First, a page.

The ROI of Getting your Story Straight (and the high cost of not getting it right)

I often get calls when a company realizes that they are not telling their story very well, or at all. 

This causes confusion in the marketplace and often employees are just as confused as customers. Employees might know who started the company and when, but it often ends there, with a shrug. (The shrug, the worst of all answers!)

This confusion breeds mediocre results amongst the team, which can lead to loss of engagement, loss of confidence, eradicating any kind of positive culture and loss of sales. There is no common understanding of what makes the company different. They are at a loss as to what the corporate purpose is, and how their own personal purpose needs to be inextricably connected to corporate purpose.

Not only does the team feel the lack of confidence, motivation and inspiration, but the clients do too. Brand impact dissolves.

The brand is stuck. Your people are stuck. 

You need to get unstuck.

Everyone needs something to hang on to, believe in, and stand up for. Maslow figured that out a long time ago and today we need to be purpose driven more than ever!

Your story is the differentiator and the core of the best value proposition you will ever have. Because your story is not just about how your company started, it is also about how you are going to keep going, the impact your good work has, why that impact is important and why the world needs you right now, tomorrow, and the next day too!

Need to tell a better story? We can help! 

Changed forever

What will your brand stand up for?

Both Covid-19 and the racial injustice movement have changed us forever.

We can do better.

I’ve been thinking about just how can we do better.

If we have been changed, surely our personal brands and the brands we work for must change too. We cannot imagine that from here we simply go on as we have.

We have always had choices on which businesses we will support, but now that choice seems more important.

The truly purpose-driven brands have always been more successful. The purpose-driven brands employing people with a personal purpose aligned to the purpose of the company are even more successful.

So why now, when we have been so severely shaken by global events would we support brands that do not support our deepest held beliefs?

We won’t.

To get the attention of the marketplace you want to impact, it is time to declare what you stand for and what your brand will stand up for, and what you will not tolerate. Then find concrete ways to ensure you walk the talk.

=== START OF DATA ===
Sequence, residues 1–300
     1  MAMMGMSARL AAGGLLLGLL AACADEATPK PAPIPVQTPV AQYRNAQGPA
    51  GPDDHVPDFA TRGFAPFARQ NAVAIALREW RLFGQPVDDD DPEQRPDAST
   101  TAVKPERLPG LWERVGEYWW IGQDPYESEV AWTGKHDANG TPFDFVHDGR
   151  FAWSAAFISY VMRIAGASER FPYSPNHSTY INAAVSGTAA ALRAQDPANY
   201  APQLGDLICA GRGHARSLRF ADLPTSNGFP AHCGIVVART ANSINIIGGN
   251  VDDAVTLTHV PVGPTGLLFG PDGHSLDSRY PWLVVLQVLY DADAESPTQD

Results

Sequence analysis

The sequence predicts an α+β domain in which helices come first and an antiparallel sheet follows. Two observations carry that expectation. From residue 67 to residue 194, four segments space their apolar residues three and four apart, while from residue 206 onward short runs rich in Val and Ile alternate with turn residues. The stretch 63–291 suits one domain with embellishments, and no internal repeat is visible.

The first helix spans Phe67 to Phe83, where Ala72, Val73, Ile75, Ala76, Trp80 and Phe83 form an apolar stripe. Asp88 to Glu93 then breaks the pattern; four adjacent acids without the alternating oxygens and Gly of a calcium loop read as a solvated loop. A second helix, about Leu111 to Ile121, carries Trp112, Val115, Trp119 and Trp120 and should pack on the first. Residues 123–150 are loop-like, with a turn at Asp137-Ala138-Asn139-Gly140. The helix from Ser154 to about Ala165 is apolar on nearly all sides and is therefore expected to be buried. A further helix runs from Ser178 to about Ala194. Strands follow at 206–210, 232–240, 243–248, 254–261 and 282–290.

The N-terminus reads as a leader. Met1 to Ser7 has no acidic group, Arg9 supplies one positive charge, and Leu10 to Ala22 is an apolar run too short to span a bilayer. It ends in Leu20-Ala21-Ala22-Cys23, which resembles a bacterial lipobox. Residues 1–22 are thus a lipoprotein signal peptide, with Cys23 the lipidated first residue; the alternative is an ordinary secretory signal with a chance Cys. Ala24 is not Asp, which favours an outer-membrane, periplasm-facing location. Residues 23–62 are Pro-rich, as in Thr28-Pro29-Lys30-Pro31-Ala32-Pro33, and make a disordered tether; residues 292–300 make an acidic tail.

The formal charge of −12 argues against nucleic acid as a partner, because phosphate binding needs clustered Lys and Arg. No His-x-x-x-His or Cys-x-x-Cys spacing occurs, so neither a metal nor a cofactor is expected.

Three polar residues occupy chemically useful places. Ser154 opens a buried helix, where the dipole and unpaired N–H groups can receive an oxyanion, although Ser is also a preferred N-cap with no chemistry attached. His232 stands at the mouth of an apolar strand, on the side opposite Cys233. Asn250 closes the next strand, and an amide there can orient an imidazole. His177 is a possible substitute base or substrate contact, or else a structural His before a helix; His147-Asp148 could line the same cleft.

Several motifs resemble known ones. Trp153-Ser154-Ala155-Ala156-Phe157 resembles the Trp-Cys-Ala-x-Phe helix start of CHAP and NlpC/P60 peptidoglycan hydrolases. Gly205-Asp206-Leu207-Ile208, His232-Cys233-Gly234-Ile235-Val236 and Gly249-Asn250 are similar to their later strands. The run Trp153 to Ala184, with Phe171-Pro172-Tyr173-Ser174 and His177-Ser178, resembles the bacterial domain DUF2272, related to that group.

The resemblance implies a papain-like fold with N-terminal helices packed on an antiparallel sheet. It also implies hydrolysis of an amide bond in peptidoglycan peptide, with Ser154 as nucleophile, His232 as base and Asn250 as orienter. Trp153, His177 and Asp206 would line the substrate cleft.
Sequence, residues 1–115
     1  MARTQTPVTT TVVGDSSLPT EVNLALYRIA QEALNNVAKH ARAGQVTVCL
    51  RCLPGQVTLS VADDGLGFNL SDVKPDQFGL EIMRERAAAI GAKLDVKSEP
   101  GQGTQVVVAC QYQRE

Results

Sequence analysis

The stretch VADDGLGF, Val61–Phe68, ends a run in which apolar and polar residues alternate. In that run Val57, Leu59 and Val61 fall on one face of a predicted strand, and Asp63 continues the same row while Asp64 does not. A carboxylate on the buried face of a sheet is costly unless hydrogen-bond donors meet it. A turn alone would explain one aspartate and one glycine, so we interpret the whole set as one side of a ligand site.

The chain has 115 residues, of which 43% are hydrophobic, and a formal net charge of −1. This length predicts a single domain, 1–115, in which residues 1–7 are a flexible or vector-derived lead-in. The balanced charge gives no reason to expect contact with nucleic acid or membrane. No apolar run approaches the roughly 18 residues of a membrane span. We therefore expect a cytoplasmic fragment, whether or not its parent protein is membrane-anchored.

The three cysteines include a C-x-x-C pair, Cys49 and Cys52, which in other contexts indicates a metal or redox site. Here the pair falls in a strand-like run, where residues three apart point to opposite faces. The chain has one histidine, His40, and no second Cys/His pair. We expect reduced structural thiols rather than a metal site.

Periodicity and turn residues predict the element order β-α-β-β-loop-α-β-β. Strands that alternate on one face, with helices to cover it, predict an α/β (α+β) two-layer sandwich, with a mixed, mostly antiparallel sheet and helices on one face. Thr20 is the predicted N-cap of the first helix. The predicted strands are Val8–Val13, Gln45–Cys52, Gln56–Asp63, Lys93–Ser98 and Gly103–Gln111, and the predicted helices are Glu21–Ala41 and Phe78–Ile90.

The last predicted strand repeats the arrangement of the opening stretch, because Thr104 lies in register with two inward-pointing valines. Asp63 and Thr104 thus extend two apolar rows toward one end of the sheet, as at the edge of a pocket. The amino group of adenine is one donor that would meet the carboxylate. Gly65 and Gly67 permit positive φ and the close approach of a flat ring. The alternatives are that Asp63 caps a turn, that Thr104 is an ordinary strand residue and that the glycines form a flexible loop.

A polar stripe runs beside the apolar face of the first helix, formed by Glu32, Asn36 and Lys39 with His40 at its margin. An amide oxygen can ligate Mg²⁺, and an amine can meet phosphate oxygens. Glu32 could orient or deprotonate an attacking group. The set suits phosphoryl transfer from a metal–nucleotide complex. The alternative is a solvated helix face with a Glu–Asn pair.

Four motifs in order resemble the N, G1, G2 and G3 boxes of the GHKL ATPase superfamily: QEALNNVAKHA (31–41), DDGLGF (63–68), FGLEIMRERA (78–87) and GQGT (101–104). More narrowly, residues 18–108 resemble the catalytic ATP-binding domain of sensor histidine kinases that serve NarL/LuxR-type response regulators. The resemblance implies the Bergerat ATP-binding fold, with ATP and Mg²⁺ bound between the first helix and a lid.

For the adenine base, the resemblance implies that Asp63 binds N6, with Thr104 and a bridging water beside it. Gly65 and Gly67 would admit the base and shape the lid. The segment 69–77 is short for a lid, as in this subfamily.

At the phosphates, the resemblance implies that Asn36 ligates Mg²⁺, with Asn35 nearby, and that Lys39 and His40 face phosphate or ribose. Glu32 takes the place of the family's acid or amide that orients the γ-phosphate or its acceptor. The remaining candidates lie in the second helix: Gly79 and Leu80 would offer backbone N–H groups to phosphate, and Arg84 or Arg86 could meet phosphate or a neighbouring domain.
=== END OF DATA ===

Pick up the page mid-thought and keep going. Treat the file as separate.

If you are looking to be a purpose-driven brand, start by declaring your values. Once considered “fluff”, or a “nice to have”, now your values are a rallying cry, a uniting force, and a source for motivating a team of staff that wants to make a difference. Values are a way to retain and acquire new talent.  Values will also be your differentiator in the marketplace.

What would change if you added anti-racism to your values?

What would change if you added well-being to your values?

How would that drive internal and external change? What impact would the results of those actions have?

The time has come to be a purpose-brand.  If you need help navigating this impactful way of living and working, let’s work together to make this part of your story.

Forever changed is the silver lining.

Keep going.

Live your story, on purpose.

What happens when you can’t deliver on your brand promise?

I once owned a company named Starstruck, and we manufactured and exported a line of women’s clothing to 320 stores in the US and 120 in Canada.

It is quite a story. 

A big part of that story is that not everything went as planned. Well, to be honest everyday something didn’t go as planned. It was the nature of the beast. Sometimes things went better than we ever could have imagined. (It really did help to be an eternal optimist in the world of manufacturing women’s fashion.)